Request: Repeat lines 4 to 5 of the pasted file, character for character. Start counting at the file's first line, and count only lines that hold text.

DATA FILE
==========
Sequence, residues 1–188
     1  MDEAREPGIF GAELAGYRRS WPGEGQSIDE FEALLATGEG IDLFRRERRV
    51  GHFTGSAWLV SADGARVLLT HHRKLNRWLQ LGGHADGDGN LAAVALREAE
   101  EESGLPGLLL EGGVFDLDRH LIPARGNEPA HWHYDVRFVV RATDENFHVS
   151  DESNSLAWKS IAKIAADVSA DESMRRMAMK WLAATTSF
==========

   101  EESGLPGLLL EGGVFDLDRH LIPARGNEPA HWHYDVRFVV RATDENFHVS
   151  DESNSLAWKS IAKIAADVSA DESMRRMAMK WLAATTSF